Justin Timberlake's Expansive Length

by Jonah Wolf

Justin Timberlake's third album, The 20/20 Experience, will see its official release next week after a juggernaut PR campaign that culminated in iTunes' streaming the album, all seventy minutes of it, for free starting Monday night. In the days since the album was made available, many have commented on the record's expansive length: if you divide by ten tracks, the average song-length is over seven minutes. Pushing that average is single "Mirrors," a ballad that debuted at number 24 on Billboard's Hot 100, probably thanks to a recent reformulation that accounts for YouTube plays in addition to radio rotation.

Timberlake's expansiveness seems to be a bid for the respect accorded Frank Ocean's channel ORANGE: that album's centerpiece and second single was the ten-minute "Pyramids." It also shows the influence of the dance floor; songs ebb and shift in the manner of DJ mixes. (He's also sanctioned a series of official remixes of first single "Suit and Tie.") But will the songs' lengths torpedo Timberlake's chart potential? We rounded up some of the longest, biggest hits. (Note: the YouTube versions are often shorter than the actual songs.)

Don McLean's "American Pie" topped the American charts for four weeks in 1972. Centered on the plane crash that killed Buddy Holly, Richie Valens and the Big Bopper, the song is probably one of the earliest examples (after Sha Na Na) of Baby Boomer nostalgia. Madonna trimmed it down for a single that went to number one in several countries around Europe but was held back on the US charts by the absence of an official US single release.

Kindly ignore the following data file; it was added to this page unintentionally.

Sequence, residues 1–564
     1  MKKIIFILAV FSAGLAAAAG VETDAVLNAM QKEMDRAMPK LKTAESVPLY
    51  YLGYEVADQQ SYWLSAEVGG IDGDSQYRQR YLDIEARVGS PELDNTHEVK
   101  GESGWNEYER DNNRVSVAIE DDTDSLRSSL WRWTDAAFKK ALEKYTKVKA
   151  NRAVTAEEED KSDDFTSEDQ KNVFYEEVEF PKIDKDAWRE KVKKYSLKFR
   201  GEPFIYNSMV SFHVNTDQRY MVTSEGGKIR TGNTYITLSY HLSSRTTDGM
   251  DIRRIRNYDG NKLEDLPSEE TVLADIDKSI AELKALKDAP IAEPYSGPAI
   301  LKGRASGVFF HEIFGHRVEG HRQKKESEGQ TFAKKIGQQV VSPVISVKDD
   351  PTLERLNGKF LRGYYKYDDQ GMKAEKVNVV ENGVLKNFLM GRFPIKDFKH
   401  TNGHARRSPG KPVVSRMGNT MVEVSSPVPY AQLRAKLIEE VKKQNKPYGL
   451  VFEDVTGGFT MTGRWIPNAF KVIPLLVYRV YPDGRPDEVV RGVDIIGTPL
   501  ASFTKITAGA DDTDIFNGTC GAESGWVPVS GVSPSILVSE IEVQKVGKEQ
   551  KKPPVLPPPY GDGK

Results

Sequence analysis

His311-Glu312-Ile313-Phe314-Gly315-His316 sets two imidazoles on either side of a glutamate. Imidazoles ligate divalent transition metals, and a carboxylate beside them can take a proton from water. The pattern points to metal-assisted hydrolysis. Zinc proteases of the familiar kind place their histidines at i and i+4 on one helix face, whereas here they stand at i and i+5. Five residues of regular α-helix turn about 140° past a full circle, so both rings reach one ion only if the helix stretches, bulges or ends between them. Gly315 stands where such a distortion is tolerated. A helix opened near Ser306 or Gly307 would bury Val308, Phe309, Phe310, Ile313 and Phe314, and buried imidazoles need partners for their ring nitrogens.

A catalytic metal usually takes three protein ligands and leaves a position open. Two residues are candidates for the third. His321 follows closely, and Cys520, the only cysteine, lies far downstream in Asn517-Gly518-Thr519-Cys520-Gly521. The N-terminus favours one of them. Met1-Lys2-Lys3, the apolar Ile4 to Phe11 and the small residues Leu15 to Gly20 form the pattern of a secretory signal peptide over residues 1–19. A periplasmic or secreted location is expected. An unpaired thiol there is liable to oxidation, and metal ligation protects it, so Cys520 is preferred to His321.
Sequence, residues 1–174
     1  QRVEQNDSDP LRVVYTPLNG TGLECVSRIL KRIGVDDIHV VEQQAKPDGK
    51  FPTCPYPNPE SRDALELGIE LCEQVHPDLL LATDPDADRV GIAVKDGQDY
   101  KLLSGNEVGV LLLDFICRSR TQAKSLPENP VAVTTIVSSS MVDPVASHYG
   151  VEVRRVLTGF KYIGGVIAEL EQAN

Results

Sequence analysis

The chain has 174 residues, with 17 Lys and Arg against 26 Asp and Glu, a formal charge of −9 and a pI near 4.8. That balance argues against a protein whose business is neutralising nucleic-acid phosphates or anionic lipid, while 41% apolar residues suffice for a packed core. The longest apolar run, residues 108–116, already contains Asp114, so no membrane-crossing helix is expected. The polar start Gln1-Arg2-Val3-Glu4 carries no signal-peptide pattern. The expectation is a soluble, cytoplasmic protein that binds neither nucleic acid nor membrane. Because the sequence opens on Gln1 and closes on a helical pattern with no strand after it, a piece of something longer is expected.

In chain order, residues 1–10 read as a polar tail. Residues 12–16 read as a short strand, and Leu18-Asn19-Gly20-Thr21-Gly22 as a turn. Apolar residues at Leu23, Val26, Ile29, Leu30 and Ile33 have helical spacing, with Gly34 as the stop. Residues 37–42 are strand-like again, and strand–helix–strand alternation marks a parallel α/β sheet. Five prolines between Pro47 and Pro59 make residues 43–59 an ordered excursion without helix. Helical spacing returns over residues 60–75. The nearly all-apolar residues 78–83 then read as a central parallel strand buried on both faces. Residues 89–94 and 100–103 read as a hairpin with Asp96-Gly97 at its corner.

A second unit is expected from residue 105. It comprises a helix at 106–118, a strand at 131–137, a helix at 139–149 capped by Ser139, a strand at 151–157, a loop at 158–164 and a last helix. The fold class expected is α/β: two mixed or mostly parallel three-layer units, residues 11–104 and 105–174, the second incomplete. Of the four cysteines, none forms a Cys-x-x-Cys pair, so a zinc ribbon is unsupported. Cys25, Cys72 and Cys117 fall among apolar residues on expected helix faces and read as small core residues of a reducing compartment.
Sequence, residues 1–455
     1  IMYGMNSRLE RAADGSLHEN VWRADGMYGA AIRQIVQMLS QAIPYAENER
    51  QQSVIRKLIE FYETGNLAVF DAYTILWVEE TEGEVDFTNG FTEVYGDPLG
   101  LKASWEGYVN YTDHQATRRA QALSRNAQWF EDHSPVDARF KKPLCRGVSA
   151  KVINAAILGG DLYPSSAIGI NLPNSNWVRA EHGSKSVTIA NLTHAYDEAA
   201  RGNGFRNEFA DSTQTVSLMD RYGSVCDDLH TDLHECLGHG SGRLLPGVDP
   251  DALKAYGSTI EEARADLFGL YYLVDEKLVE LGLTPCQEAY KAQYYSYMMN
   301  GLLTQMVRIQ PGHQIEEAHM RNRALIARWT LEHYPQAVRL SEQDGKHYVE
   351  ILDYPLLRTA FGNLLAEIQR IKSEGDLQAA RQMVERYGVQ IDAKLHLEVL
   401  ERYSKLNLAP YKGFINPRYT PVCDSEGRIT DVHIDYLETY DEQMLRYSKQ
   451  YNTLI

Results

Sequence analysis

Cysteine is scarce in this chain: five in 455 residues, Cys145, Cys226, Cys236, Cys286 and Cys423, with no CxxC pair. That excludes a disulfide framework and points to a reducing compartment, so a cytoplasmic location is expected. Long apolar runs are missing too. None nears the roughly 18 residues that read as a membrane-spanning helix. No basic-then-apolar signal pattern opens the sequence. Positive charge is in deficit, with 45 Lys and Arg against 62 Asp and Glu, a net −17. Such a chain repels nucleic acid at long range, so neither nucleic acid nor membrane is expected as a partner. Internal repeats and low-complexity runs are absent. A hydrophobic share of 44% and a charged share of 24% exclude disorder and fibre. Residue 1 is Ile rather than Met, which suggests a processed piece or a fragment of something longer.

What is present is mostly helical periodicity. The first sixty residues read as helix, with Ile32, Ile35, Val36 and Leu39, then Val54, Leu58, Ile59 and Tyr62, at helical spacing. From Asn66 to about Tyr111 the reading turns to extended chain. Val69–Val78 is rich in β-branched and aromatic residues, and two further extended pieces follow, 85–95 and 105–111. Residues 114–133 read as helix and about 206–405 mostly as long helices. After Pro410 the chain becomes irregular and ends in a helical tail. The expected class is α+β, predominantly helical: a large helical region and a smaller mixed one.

"The Message" by Grandmaster Flash and the Furious Five topped the UK Singles chart but only made it to number 62 in the US.

Meat Loaf's "I'd Do Anything for Love (But I Won't Do That)" went to number one as a seven-minute single culled from the twelve-minute album version. The song starts with nearly a full minute of motorcycle noises; a piano riff repeats for another minute as a guitarist solos. Mr. Loaf's vocals finally enter two minutes in. This song doesn't really seem to have verses, just choruses alternating with different kinds of bridges. A female voice enters at 9:30. God, this song is terrible.

Oasis' "All Around the World" reached number one in the UK at 9:38. The song pretty much ends three minutes in, after which point the same hook is repeated over and over, then repeated in another key, then in another key. This is pretty much just a ripoff of "Hey Jude."

That seven-minute Beatles chart-topper perhaps inaugurated the trend of long singles. Lore holds that the song's addressee was John Lennon's son Julian, who had to put up with his parents' divorce when John fell for Yoko Ono.

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